"I can become friends with people when I go there, and we learn different things at the library. There are lots of resources," Aliah Gilkes said.
From the free use of computers, to the language center, to the education and job information center, which helps people looking for employment, the library is full of resources. But severe budget cuts could shorten the list.
"Those are exactly the kind of things that stand to be lost: access to books and library material and programming that helps people get jobs or write a resume or learn how to change careers. That's what is at risk right now," Steve Schechter of the Brooklyn Public Library said.
Some students at a Brooklyn private school come here several times a week.
"Being a small school, we don't have as many resources, so the library actually has many, many more resources than we do," teacher Teresa Gripper said.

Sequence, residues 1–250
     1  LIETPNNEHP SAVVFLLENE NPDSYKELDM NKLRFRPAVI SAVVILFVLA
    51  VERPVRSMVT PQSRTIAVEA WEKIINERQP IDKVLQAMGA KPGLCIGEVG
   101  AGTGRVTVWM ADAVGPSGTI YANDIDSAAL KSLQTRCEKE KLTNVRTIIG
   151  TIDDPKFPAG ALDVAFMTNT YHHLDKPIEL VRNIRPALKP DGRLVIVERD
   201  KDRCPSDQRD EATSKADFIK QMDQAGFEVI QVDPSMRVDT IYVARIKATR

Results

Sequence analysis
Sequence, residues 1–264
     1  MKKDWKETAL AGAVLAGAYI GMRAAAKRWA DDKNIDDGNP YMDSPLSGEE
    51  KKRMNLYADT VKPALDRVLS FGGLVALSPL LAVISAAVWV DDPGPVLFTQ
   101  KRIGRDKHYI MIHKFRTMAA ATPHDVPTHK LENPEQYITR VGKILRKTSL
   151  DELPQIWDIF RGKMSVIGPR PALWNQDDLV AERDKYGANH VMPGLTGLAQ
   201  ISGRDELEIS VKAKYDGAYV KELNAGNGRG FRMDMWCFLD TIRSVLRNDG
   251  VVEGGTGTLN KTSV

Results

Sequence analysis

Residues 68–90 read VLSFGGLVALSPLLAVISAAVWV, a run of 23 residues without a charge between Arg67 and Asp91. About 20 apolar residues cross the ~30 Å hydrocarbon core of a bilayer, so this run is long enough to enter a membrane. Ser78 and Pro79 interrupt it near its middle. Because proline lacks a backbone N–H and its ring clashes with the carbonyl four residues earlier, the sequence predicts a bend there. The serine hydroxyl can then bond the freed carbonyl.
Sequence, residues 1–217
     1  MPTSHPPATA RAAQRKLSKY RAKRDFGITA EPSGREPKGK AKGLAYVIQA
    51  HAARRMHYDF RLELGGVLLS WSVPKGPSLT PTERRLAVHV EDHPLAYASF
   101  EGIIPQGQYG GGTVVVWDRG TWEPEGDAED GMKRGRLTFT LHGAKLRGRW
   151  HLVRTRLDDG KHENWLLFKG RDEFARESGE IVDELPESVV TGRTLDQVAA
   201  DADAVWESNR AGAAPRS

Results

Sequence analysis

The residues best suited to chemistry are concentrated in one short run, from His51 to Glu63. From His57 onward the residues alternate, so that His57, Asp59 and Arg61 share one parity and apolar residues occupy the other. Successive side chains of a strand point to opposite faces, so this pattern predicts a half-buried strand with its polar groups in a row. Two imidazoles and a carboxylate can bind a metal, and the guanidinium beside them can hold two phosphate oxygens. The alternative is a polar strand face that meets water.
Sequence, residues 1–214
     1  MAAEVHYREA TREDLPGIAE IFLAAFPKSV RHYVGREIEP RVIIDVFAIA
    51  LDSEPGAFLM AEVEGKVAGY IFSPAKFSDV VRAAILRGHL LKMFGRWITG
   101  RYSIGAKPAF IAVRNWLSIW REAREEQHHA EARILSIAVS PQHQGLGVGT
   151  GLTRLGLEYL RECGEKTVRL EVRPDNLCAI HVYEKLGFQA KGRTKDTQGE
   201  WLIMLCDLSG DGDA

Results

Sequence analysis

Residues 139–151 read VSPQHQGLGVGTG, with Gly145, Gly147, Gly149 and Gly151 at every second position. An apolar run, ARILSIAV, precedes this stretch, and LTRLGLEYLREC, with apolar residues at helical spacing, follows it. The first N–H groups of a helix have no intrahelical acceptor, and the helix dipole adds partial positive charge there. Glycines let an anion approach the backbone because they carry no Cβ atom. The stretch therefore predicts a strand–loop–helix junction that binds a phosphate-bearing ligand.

When governments are forced to slash their budgets, libraries and their resources are often the first things to go.
They are open 6 days a week, which could be cut back. Officials like saying there is a library branch within walking distance of every Brooklynite, which could change.
Many parents spend quality time with their kids here.
"There's so much knowledge and there's authors that come here all the time and you know, so my daughter gets exposed to a lot of different opportunities," Sonia Gilkes said.
An aggressive fundraising campaign has begun, but officials of the Brooklyn Public Library think of it as community organizing.
"We know everyone loves libraries. We just need them to love us with a little more money this year," Schechter said.
Learn how to help by visiting the Brooklyn Public Library online at www.brooklynpubliclibrary.org